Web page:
Snapchat: iOS 14 privacy feature could disrupt its business | Cult of Mac

Snapchat admits iOS 14 privacy feature could disrupt its business

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Snapchat thinks its business could be disrupted by changes.
Photo: Alexander Shatov/Unsplash CC

Snapchat parent company Snap has added its voice to the tech companies complaining that iOS 14’s privacy measures could hurt its business.

Releasing its Q4 2020 earnings Thursday, the company’s CFO Derek Andersen said that the Apple changes might disrupt Snap’s ad-centric business model.

“It is not clear yet what the longer term impact of those changes may be for the top-line momentum of our business, and this may not be clear until several months or more after the changes are implemented,” he said.

Advertising is big for Snapchat

Snapchat generates virtually all its revenue from advertising. One of the big ways it does this is by showcasing personalized brand ads between your friends’ stories. Initially Snap targeted ads only according to age, location, and gender. However, since then it has deepened the kind of analytics that can be used to target ads.

Apple’s new privacy features will offer more transparency about how certain apps track users. This will give users the chance to decline tracking, which would, by extension, hurt tech companies that rely on ads. The feature has yet to roll out for users, although Apple says it is coming this spring.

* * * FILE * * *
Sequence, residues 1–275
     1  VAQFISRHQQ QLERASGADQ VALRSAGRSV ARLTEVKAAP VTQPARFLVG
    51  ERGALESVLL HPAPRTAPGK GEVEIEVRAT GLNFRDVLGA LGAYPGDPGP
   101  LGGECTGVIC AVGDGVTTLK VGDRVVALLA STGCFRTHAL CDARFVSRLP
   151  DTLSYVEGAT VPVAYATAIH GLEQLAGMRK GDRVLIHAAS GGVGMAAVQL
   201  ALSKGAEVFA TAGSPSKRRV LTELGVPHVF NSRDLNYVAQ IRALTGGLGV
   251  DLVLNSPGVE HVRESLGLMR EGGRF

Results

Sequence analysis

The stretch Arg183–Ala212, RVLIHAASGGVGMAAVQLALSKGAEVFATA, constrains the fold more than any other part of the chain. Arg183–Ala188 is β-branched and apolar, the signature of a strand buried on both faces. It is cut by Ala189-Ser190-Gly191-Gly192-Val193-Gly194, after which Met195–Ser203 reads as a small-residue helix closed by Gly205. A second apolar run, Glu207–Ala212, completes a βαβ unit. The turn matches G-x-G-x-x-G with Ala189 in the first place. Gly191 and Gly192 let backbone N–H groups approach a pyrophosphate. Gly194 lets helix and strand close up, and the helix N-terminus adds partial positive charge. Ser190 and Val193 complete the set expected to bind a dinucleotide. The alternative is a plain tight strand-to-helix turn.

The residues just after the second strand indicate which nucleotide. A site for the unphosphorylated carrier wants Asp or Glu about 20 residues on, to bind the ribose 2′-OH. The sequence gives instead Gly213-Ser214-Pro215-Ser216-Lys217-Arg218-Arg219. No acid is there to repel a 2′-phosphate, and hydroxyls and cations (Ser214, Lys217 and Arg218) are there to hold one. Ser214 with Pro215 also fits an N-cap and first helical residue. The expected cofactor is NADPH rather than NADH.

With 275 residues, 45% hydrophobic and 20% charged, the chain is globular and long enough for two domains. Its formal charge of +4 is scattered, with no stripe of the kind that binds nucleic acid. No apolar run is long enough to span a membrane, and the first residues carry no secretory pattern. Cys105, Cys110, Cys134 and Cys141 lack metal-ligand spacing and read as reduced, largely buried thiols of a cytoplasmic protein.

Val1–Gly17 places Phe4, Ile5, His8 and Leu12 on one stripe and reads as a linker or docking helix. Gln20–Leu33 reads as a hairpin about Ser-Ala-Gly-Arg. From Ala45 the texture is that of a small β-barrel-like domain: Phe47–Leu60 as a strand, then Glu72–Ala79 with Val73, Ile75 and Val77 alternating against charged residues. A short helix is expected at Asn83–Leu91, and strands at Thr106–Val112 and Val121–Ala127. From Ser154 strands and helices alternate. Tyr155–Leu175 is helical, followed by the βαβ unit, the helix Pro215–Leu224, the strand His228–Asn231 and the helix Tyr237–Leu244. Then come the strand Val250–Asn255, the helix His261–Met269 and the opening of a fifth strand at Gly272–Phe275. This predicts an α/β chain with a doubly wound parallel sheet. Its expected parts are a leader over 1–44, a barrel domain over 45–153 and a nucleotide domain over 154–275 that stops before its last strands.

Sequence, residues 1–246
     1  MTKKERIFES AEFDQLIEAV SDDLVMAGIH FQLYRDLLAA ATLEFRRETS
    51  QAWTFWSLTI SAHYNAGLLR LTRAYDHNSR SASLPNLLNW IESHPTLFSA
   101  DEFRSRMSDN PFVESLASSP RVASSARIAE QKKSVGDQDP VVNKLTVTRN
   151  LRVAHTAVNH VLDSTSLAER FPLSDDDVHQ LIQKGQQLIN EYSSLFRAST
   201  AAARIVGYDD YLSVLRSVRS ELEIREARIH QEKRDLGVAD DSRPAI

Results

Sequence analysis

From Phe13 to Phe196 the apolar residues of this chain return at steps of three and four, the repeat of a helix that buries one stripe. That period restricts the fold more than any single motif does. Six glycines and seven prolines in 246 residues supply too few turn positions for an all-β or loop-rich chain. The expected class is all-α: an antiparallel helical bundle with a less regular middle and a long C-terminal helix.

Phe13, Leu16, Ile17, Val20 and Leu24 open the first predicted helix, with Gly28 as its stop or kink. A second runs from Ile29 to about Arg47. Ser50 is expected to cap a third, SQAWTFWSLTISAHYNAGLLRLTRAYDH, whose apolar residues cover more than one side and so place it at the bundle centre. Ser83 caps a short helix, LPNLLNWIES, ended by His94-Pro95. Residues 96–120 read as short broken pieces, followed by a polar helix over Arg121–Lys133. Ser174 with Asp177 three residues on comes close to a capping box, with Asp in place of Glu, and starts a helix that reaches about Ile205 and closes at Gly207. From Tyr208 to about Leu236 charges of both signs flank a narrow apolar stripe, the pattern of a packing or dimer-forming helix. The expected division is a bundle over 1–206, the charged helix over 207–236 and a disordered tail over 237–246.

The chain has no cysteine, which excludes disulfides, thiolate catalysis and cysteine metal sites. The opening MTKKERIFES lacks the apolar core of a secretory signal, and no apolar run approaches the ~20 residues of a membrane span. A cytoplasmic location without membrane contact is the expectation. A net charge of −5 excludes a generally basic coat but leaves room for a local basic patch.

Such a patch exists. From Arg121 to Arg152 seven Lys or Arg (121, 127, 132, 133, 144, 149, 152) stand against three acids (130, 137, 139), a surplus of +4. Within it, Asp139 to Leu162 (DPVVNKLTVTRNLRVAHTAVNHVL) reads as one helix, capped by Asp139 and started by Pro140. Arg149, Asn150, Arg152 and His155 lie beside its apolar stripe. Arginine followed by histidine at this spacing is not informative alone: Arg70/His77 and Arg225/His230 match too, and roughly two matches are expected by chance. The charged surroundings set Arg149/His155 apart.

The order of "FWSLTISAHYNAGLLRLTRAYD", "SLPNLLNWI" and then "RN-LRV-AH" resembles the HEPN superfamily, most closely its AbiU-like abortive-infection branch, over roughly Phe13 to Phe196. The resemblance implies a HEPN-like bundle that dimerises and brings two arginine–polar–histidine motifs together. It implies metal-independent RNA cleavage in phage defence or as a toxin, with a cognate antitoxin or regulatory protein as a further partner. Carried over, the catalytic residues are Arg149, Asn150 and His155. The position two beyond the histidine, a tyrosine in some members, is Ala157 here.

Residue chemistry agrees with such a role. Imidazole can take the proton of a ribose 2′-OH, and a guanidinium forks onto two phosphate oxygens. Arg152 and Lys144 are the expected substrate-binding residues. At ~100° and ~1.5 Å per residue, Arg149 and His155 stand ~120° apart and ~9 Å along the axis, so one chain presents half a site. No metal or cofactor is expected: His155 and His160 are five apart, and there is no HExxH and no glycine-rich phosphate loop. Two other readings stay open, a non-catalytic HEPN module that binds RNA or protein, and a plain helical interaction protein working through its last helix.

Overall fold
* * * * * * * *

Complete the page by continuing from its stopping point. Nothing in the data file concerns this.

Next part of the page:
Snap chief business officer Jeremi Gorman said that, “Overall, we feel really well prepared for these changes. But changes to this ecosystem are usually disruptive and the outcome is uncertain.”

However, Gorman noted that Snapchat respects Apple’s decision. “The reality is we admire Apple,” she noted. “We believe that they are trying to do the right thing for their customers. Their focus on protecting privacy is aligned with our values and the way we’ve built our business from the very beginning.”

In contrast to Facebook

This is in stark contrast to Facebook, another company which has spoken publicly about how Apple’s new privacy measures will affect its business. Facebook has already launched two days of full-page newspaper ads opposing Apple’s new privacy features. Facebook argues that stopping advertisers from using personalized advertising will hurt small businesses. (And itself as well.)

Mark Zuckerberg, Facebook’s CEO, recently said that, “we increasingly see Apple as one of our biggest competitors.” The rivalry might wind up making its way to court, showing just how contentious it has become.

Privacy has been one of Apple CEO Tim Cook’s main interests during his time running Apple. In a recent interview for Fast Company, Cook likened user privacy to climate change in terms of its importance.

Source: CNBC